• Seeks are not the problem here.  The optimizer has deemed a seek to be cheaper and more efficient than a table/index scan.  You may be better off forcing the join, although I dont like too. The optimizer made its choices for a reason and is usually smarter than DBA/developers.  Are you seeing a lot of nested loop joins?  If so, this is where you can gain the most performance by forcing a merge (great if data is sorted) or a hash join.  A nested loop join evaluates an expression for every row in the outer table, which can be expensive depending on the proportion of the data being sifted through. There are pros and cons to each type of join and each one should be evaluated.

    Here is a link that will help:
    http://msdn.microsoft.com/en-us/library/ms191318(SQL.90).aspx

    Edit: here is the link to join hints http://msdn.microsoft.com/en-us/library/ms173815.aspx.  You are more likely to see a index scan if you force a particular join.

    http://jahaines.blogspot.com/
    Tuesday, June 9, 2009 7:29 PM
    Moderator
  • Adam,

    I don't see how a million separate seeks that wind up reading the whole table is faster than a single scan.  You can say the optimizer is smarter than us, but lots of times I've added a hint and had the query speed up tons.

    In this query, you're right I'm seeign a lot of nested joins.  But they all say 0% cost.   Almost all the cost is (85%) in the index seeks.  There's 7% in one hash match, and the rest is in parallelism operators.
    Tuesday, June 9, 2009 7:34 PM
  • Again, it would help if you were forthcoming with some information; would you care to share some of the plan text?
    Kent Waldrop
    Tuesday, June 9, 2009 7:38 PM
  • The XML plan is over 500K.  Let me see if I can cut out some of the joins and still reproduce the problem, then i'll post it.   Thanks Kent.
    Tuesday, June 9, 2009 7:45 PM
  • Adam,

    I don't see how a million separate seeks that wind up reading the whole table is faster than a single scan.  You can say the optimizer is smarter than us, but lots of times I've added a hint and had the query speed up tons.

    In this query, you're right I'm seeign a lot of nested joins.  But they all say 0% cost.   Almost all the cost is (85%) in the index seeks.  There's 7% in one hash match, and the rest is in parallelism operators.

    Change the join to use a merge or hash join and you should see a scan or at least a faster query.  The optimizer is finding it faster to seek the rows using a index nested loop, this can be for a lot of reasons, maybe your statistics are out-of-date and the optimizer is basing descisions off a much smaller number of estimated rows.  Are you reguruly maintaing the indexes and updating stats?  Have you looked at the estimated rows to make sure they make sense?  You have to remember that the optimizer is a tool that can base decisions off of what it believes to be true, not what you know to be true.  Also, just because the index seek uses 85% of the batch does not mean that it is a problem, it just means that part took more time than the rest of the showplan operators.  For example, If a table has 1000 rows and the index seek takes 85% of the cost, this is not really a problem?  I guess what I am asking, is why is this a problem... is it because this process is taking an extreme amount of time to complete?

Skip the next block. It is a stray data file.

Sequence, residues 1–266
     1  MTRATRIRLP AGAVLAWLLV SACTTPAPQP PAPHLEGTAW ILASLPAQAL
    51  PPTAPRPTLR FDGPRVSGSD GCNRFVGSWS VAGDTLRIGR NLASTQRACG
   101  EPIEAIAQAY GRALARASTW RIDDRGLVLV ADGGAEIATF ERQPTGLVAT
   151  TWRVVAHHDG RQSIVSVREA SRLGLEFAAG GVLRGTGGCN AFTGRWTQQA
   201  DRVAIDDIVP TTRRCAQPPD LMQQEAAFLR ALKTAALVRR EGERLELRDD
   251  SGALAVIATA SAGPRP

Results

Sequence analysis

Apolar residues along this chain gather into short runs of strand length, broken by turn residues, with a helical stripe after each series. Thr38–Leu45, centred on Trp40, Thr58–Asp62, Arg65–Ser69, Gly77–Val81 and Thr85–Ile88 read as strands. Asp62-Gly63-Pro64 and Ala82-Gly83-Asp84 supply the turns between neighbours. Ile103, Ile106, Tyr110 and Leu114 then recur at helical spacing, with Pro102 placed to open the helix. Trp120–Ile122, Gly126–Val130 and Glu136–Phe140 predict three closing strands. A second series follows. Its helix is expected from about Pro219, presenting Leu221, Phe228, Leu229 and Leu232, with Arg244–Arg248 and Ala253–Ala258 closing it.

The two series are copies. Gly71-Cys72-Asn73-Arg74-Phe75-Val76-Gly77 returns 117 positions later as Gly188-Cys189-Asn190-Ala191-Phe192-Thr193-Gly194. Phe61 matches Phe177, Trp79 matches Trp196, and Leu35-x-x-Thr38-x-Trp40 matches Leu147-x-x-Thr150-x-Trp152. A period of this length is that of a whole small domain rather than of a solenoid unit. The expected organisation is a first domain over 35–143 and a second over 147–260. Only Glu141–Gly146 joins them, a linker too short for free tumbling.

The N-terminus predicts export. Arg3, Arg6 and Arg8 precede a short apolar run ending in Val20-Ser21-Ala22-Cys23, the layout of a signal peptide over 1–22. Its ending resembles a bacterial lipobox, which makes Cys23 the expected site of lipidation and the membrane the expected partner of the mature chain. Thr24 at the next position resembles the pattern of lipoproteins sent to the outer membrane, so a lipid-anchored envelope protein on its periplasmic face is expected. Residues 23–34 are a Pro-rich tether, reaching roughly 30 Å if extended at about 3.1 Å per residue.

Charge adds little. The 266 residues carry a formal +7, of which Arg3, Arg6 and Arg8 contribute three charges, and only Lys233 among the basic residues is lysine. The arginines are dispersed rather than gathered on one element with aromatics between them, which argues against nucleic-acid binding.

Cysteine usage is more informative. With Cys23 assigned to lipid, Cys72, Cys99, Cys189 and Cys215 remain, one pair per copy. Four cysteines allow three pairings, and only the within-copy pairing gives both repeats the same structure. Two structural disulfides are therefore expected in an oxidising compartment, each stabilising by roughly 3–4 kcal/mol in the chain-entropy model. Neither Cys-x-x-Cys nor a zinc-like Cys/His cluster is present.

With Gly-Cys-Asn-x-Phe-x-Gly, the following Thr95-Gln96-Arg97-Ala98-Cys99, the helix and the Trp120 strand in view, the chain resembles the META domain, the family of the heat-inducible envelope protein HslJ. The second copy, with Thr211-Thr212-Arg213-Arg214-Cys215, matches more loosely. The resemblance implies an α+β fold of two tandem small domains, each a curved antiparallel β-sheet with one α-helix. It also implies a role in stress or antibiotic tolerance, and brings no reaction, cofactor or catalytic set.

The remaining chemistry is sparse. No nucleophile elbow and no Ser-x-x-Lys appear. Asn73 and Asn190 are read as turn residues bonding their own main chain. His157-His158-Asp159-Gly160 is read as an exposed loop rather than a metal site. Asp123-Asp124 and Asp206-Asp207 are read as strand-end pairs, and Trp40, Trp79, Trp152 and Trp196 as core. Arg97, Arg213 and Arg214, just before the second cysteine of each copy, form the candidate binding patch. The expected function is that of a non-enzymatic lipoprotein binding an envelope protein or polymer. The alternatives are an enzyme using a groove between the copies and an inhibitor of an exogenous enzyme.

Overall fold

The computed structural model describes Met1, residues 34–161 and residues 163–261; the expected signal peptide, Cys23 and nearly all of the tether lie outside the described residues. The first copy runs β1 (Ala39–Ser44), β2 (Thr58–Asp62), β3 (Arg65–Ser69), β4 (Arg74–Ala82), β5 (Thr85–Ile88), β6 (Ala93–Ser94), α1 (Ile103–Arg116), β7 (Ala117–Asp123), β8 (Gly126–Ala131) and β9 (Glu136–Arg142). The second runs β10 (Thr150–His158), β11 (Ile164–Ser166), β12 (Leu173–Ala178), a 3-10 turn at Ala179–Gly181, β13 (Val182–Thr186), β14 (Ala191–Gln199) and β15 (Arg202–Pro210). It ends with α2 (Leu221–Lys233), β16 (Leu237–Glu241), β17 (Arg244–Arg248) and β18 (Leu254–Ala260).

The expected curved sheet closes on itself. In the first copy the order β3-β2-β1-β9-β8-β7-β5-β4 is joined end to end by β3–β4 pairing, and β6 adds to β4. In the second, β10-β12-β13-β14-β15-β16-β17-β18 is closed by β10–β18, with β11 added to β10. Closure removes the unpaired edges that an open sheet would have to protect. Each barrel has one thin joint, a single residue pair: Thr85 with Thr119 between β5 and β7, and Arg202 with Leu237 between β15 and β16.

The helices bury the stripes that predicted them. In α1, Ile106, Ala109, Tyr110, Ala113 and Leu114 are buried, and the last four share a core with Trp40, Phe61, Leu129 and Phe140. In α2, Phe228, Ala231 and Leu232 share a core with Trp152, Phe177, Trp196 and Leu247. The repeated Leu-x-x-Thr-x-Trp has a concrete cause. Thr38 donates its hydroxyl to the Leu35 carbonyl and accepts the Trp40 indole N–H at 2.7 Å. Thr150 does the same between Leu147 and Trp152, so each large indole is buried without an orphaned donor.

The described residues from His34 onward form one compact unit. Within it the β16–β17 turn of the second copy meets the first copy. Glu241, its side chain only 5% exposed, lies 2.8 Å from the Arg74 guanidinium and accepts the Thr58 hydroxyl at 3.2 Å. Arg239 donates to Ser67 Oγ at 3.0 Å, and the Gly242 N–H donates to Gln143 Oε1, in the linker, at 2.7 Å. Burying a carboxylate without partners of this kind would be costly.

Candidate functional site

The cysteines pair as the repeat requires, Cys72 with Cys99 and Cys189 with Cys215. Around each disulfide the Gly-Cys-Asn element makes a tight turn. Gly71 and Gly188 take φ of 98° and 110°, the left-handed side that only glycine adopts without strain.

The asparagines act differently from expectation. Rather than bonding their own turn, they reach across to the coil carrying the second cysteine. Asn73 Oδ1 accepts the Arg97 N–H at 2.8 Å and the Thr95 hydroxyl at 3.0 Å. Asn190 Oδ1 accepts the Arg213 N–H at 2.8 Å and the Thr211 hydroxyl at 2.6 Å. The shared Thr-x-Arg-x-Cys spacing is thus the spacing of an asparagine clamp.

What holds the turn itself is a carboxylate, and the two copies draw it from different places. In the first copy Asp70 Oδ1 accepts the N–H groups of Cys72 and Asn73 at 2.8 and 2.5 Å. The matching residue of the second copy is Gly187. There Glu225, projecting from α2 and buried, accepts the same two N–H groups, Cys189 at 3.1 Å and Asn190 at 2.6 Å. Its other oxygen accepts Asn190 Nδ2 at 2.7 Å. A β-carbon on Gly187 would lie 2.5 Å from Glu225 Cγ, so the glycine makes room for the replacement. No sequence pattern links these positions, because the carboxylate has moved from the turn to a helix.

http://jahaines.blogspot.com/
    • Marked as answer by Mantros Group Tuesday, June 9, 2009 7:52 PM
    Tuesday, June 9, 2009 7:46 PM
    Moderator
  • Yes, the query is taking 8 minutes to complete.  Is there a way I can update stats just for the columns or tables used in this particular query to see what happens?  Or do I need to update the whole DB at once?
    Tuesday, June 9, 2009 7:52 PM
  • You can use update statistics to update the statistics.  You may need to create statistiscs to help improve query performance. Also, as an FYI you can run your query through the DTA and it will tell you if you need to create statistics and if there are better indexes for your query.  Also, if you query is taking 8 minutes to process there may be additional optimization techniques that we can help you with, but you would have to get us psuedo code.

    USE MyDB;
    GO
    UPDATE STATISTICS dbo.MyTable;
    GO
    


    Update Stas:
    http://msdn.microsoft.com/en-us/library/ms187348.aspx

    Create Stats:
    http://msdn.microsoft.com/en-us/library/ms188038.aspx

    Creating Stats to help query performance:
    http://msdn.microsoft.com/en-us/library/ms190397.aspx

    Edit: forgot to mention, if you can spare it, I would do a full scan, as this gives the optimizer the best information.


    http://jahaines.blogspot.com/
    Tuesday, June 9, 2009 8:03 PM
    Moderator
  • Would it be possible to break this query in smaller chunks? 8 minutes is a really long time for any query to run. also, if you have a single primary-key value in the resulting dataset, you could create an indexed view to "materialize" the join. It would cost a lot of disk space (and insert/update time) but could make the reads a lot faster.

    but returning to the subject of this post, as of SQL 2008 R2 SP1 it IS possible to force an index scan. see the new "forcescan" hint at http://msdn.microsoft.com/en-us/library/ms187373(v=sql.105).aspx

    cya,

    http://thelonelydba.wordpress.com/


    Wednesday, October 31, 2012 7:16 PM